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Renewable Energy: Global Supply & Demand Falling Short, but Solar Picking up the Pace.

In an article written Sept 8, 2020 in news, the international news outlet that focuses specifically on solar PV supply in the global market, the headline posits that as the world is transitioning to renewable energy, it is doing so ‘nowhere near fast enough’ to adhere to regulatory compliance.  


“Solar will dominate the power generation alongside wind in the coming decades as electrification rapidly escalates, but the energy transition is occurring “nowhere near fast enough” to deliver change compliant with the Paris Agreement” .

This verdict comes from the DNV GL’s (International Global Assurance and Risk Management Company) latest assessment that also determined advances in solar PV, wind, and battery technology shows progression in meeting the climate targets set by the Paris Agreement, “but only if they are scaled properly”.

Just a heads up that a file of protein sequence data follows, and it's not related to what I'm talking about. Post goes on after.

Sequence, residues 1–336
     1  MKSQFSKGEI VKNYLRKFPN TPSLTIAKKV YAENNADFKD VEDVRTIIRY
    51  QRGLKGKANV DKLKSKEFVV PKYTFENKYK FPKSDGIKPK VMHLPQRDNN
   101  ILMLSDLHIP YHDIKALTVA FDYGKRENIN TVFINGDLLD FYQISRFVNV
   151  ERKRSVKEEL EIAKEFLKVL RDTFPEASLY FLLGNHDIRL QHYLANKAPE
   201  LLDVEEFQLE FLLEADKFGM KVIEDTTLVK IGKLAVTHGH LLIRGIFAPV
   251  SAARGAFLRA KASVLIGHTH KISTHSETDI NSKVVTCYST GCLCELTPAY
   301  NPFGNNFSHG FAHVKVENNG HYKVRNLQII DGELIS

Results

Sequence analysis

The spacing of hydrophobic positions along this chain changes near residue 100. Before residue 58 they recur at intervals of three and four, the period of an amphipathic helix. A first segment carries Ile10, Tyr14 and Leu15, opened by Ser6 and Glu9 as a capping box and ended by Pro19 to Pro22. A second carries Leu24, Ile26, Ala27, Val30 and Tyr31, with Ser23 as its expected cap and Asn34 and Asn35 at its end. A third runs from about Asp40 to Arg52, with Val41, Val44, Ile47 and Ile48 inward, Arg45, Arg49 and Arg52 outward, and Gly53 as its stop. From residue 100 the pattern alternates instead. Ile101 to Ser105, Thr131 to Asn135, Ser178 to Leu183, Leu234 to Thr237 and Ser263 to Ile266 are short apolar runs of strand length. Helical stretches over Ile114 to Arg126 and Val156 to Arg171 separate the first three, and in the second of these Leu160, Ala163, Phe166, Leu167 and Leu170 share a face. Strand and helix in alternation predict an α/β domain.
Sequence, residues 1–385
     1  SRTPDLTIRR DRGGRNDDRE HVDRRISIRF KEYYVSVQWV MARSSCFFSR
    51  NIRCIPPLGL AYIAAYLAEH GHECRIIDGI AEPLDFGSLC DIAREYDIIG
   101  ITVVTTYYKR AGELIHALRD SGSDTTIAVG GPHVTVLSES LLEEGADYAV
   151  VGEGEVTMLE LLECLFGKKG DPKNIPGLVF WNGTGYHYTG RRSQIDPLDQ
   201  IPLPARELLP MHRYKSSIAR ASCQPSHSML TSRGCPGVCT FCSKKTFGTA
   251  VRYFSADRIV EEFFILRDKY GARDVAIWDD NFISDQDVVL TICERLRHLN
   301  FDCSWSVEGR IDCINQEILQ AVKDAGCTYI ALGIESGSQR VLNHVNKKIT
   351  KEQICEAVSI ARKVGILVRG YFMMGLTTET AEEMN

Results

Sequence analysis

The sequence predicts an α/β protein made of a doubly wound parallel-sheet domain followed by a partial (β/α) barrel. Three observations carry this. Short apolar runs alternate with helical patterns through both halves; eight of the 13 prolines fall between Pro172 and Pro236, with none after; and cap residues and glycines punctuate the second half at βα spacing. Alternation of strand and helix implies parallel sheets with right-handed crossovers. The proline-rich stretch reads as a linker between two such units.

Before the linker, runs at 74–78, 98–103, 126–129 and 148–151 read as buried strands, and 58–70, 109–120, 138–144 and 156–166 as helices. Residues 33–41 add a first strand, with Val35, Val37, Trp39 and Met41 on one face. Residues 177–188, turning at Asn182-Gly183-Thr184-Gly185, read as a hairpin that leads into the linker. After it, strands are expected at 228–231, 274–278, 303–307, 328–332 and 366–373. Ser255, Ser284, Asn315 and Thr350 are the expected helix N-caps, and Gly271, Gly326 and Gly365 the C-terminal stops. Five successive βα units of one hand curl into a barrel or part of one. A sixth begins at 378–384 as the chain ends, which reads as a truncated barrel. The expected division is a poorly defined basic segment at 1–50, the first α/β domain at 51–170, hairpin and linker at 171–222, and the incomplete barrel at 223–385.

In the next three decades, electricity demand is expected to rise from 19% of the world’s total energy mix to around 41% by 2050. This demand is in tandem with a meteoric rise of renewable energy sources, which is forecasted to provide 78% of the world’s electricity by 2050. Of that 78%, solar and wind will be

responsible for two-thirds of that energy with solar PV capacity expected to provide more than half of that energy.  

Over the last decade, there have been rapid increases in solar installations worldwide, but with battery technology (still in its testing stages) only now starting to hit the market, supply and demand are not lining up with the forecast. This has posed a concern on the reality of meeting the expected growth of 2050. In addition, with the high penetration of renewable electricity, power markets are under pressure to gauge and handle the complexity of a near-trebling grid capacity demand, while also having to decide on dispatchable and non-dispatchable storage capabilities and prices.  

COVID-19 has bought the global energy system some time as the pandemic ignited a major shift in energy demand. In a report that was issued earlier this year, both the DNV GL and the International Energy Agency found that behavioral shifts that were forced by the pandemic, such as working remote from home, presented a decrease in global energy demand by roughly 8%. And yet these effects on energy demand gave renewable energy time to catch-up, the pandemic did not slow down or alter the global climate crisis at hand. With this, it is essential that national and local policy incentives step up to help align the world with the “ambitions of Paris”.

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